How does the PGA, players attract young fans? Social media, of course

Perhaps PGA golfer Grayson Murray said it best when he tweeted this out last month:

Only 23 years old, the often outspoken Murray is on to something. In the 2016 season, some of the biggest PGA tournaments, including The Masters and the U.S. Open, suffered a decline in television ratings.

The lowered ratings are a microcosm of golf’s struggle to break through and connect with a younger audience. With sports like football, cricket and basketball among the most popular in the world, those in charge of the gentlemen’s game are beginning to realise they must turn to social media to attract the next generation of golf fans.

That explains why the PGA Tour teamed up with Twitter to stream the first 60-90 minutes of the first two rounds of each tournament. On top of hardcore golf fans now being able to watch the rounds not broadcasted on television, millennials are now prone to stumble on the stream while tweeting.

The free digital stream also gives users a taste of PGA TOUR LIVE, an app that provides coverage of the early rounds, as well as featuring full-round replays, an up-to-date leaderboard, and player highlights.

“Obviously, it helped drive subscription rates [for PGA TOUR LIVE] because once people get a free taste of what we’re providing, especially if you’re a fan, there’s just no reason not be a part of it,” said PGA Tour Entertainment senior producer Chris Sinclair. “I think that’s helped in turn the amount of interaction with the Twitter account. That’s gone way up since we’ve been doing live Twitter in the mornings. It’s great.”

However, there is only so much the PGA can do to promote golf to a younger audience. The real key to fostering that connection is the players.

With each passing year, more and more athletes who grew up in the Internet era are participating in PGA tournaments. Professional golfers like Max Homa and Rickie Fowler are constants on Twitter and social media, cracking jokes and revealing their personality for all to see, something that wasn’t typical of PGA players in years past.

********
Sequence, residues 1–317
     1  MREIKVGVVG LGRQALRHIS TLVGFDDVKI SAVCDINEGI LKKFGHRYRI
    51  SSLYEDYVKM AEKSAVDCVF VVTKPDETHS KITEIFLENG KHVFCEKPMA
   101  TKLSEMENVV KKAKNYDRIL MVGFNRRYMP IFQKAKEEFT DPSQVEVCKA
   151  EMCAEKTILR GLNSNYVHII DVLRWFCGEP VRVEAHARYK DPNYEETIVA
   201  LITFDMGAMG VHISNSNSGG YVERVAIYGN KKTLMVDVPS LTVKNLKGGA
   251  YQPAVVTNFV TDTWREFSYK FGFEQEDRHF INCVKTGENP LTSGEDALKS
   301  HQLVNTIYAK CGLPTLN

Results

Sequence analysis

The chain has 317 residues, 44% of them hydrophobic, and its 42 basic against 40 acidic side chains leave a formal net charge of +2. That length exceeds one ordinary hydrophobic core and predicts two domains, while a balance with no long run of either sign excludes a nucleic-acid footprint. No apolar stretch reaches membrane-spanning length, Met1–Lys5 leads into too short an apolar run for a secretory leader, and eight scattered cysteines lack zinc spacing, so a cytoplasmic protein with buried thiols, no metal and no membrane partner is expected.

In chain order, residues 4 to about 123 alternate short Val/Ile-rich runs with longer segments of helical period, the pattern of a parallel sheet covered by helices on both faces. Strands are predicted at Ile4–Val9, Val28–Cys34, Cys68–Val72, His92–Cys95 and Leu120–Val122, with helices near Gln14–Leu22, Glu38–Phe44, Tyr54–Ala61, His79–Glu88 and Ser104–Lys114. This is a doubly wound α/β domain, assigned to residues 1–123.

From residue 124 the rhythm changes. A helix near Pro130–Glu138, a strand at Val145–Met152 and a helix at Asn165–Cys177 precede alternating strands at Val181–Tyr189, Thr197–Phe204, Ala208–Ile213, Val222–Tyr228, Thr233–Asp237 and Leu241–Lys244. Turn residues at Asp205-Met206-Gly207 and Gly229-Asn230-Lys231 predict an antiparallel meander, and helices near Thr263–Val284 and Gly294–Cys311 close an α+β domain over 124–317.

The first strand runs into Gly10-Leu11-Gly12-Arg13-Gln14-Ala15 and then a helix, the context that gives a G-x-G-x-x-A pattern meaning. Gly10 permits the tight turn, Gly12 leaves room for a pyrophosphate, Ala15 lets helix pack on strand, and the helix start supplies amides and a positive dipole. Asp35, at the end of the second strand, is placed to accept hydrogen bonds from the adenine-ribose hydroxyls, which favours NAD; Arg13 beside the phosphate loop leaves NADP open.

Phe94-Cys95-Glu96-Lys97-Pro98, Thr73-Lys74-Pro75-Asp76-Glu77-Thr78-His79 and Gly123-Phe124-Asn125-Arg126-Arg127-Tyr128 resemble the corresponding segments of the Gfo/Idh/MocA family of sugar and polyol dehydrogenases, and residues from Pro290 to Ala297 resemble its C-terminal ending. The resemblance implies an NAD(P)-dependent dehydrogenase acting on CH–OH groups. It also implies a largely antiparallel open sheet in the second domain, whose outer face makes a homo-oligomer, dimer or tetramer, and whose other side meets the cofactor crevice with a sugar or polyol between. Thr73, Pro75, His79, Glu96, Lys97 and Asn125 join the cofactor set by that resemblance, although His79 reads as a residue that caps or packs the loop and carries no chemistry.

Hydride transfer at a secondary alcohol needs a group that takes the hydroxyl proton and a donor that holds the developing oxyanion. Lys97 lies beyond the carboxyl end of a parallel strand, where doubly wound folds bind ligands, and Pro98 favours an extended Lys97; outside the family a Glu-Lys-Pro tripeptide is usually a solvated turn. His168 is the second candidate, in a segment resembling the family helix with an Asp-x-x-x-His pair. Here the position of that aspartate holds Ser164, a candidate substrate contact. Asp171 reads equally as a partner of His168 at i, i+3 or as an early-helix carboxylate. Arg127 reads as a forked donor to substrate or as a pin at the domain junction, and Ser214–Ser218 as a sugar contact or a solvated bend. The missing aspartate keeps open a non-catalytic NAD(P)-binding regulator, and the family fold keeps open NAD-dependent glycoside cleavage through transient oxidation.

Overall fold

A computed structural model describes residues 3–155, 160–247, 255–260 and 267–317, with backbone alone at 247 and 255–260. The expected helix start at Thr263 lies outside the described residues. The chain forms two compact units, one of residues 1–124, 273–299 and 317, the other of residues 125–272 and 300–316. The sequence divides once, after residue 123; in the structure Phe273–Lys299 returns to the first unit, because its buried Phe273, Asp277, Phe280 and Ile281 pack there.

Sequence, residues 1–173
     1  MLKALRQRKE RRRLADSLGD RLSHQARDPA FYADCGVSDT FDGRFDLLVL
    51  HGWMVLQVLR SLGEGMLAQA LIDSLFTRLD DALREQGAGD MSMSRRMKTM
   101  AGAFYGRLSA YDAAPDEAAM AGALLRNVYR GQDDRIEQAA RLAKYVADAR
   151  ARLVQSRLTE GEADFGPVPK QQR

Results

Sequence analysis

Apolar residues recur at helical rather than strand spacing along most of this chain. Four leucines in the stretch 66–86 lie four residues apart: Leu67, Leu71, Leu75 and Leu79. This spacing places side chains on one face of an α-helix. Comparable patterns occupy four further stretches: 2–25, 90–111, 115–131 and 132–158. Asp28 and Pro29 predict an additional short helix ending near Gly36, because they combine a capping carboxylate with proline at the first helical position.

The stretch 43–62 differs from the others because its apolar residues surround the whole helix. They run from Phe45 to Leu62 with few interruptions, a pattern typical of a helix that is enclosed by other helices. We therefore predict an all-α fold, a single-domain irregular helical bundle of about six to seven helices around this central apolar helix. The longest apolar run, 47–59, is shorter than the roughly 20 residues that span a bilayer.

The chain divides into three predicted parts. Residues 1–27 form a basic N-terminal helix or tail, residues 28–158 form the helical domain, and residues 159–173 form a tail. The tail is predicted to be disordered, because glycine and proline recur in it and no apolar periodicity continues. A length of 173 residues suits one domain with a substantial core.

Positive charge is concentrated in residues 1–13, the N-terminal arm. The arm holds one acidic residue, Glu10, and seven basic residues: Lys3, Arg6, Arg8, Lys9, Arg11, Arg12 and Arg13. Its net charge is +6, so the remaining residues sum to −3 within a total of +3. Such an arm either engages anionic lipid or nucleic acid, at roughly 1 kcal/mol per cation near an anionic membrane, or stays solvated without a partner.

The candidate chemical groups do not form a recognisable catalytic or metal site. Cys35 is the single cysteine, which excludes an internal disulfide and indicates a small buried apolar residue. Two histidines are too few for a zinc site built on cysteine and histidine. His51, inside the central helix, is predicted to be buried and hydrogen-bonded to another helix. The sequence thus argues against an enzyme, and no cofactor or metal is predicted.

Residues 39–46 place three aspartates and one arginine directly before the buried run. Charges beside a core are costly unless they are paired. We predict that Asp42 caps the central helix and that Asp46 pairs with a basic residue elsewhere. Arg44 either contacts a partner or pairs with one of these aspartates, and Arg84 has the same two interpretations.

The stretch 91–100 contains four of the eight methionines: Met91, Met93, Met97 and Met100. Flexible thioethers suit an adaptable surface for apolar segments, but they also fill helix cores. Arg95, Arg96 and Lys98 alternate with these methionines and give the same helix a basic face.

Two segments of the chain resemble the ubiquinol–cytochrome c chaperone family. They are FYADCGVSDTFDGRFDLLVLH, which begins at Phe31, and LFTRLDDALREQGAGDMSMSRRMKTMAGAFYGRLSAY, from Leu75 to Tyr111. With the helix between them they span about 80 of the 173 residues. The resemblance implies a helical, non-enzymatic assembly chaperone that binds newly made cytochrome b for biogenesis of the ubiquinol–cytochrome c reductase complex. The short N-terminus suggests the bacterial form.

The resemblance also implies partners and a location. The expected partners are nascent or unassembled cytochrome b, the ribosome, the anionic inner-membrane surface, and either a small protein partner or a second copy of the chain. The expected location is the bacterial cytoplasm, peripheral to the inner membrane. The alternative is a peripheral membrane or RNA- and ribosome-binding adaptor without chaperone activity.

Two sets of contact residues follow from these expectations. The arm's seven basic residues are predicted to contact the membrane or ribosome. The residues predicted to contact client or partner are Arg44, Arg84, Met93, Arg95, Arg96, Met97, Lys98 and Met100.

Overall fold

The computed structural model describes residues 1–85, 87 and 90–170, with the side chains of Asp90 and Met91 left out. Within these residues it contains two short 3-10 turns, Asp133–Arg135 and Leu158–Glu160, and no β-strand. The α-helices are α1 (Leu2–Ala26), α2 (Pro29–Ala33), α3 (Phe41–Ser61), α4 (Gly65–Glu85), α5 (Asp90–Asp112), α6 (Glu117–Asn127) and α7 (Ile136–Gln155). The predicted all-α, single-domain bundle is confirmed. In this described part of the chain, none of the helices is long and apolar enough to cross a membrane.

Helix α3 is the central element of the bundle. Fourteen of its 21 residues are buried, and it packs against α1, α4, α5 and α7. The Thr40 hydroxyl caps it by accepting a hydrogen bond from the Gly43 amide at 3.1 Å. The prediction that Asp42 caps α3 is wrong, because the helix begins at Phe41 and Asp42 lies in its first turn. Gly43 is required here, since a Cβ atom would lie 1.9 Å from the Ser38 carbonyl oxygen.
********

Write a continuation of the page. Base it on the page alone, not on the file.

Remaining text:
“I think the stigma of golf is that it’s highly gentlemanly and no one ever says anything wrong and no one ever swears and no one ever drinks a beer and everyone’s perfectly straight edge,” Homa told USA Today. “It puts people on this crazy pedestal that they could never live up to, so they become robots. … It’s a weird revolving door, you can’t win.”

Fellow PGA Tour golfer Billy Horschel agrees, adding that players showing some personality and emotion on the golf course can also help the sport grow.

“I think it only helps grow the game when you see the personalities of the game,” Horschel said. “(Fans) don’t want to see robots on the golf course. They want to see the guy just like everyone else is at home, throwing clubs, and they’re all cussing. I think they want to see some personalities from players.”

What better way for players to show their personality than by interacting with fans through social media?

If the PGA truly wants to connect with the younger audience, perhaps they should brief the players on the dos and don’ts of social media, something the LPGA does for all of their rookies. So Yeon Ryu, for example, attended the media training session and is now one of the most popular LPGA golfers on Twitter.

Ryu, who is from South Korea, says she uses social media to connect with fans overseas. This brings up another good reason for players to be active online; golf has a growing international fan base. 84 international athletes played on the PGA Tour in 2014, with that number continuing to grow. In the LPGA, 64 of the current Top 100 are from outside the United States.

“I think that’s one of the biggest reason why I keep very active on Instagram or Twitter,” Ryu told LPGA.com. “They really want to know how we prepare for the tournament, how are we swinging and what’s our hobby, what we want to eat.”

Fellow LPGA pro Lexi Thompson shared similar thoughts to LPGA.com, adding she prefers using Instagram to give fans a look into her lifestyle.

“A lot of people that follow me on Instagram want to see my personal life and what do I do to train, practice or what do I do off the golf course, just to enjoy life,” Thompson said. “I’m happy to be able to show them; give a little insight on the real Lexi Thompson, not just the pro golfer.”

Ryu and Thompson opening up via social media will likely do wonders for the women’s game, and if more and more male golfers take to social media to interact with fans, the PGA can expect more and more young viewers tuning into Twitter to watch their new favorite sport.

About author

Nick Frazier
Nick Frazier 17 posts

Nick is an intern for Snack Media and a contributor to Digital Sport. You can follow him on Twitter @nikfraz14.

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